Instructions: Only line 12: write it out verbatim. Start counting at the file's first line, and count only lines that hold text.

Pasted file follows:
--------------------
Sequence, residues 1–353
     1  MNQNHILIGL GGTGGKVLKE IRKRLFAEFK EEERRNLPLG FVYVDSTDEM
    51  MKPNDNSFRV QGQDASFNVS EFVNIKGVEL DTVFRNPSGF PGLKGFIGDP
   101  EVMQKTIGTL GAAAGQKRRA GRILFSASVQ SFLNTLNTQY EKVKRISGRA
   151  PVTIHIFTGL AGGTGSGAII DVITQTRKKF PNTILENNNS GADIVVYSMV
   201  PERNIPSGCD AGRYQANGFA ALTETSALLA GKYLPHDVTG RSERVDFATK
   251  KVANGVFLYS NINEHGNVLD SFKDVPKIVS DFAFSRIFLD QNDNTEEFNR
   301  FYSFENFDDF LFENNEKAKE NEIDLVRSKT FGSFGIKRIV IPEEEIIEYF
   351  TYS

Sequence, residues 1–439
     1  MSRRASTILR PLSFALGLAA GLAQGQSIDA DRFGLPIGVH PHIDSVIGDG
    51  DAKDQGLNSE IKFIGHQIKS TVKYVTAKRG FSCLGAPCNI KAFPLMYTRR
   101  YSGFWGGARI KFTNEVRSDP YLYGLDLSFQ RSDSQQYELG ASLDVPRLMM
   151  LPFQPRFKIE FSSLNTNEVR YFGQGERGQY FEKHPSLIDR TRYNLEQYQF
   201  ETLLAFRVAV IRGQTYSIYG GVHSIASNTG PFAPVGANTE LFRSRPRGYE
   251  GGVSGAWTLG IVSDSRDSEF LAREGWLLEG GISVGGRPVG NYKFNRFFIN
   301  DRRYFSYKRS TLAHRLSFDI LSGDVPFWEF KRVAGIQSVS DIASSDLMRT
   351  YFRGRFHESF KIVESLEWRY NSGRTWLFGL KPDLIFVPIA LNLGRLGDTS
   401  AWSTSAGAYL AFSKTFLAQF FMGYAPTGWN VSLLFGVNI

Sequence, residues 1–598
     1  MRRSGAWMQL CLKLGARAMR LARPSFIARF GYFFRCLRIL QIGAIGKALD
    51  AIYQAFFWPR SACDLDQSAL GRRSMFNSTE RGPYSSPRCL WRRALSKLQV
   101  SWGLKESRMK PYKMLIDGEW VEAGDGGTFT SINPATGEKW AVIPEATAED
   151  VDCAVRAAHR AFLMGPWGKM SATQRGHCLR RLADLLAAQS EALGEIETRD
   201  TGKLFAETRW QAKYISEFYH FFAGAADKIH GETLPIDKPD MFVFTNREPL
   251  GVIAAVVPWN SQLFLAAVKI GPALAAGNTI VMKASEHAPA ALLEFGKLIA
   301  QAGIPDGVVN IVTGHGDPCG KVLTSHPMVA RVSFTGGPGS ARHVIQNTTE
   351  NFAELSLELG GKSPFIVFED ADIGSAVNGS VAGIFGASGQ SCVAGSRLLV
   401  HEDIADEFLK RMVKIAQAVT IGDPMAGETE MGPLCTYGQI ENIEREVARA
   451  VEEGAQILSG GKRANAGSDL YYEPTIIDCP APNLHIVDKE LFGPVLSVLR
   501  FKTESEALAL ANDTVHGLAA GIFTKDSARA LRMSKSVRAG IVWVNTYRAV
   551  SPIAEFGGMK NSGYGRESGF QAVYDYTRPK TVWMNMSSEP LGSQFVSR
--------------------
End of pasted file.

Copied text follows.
    51  DAKDQGLNSE IKFIGHQIKS TVKYVTAKRG FSCLGAPCNI KAFPLMYTRR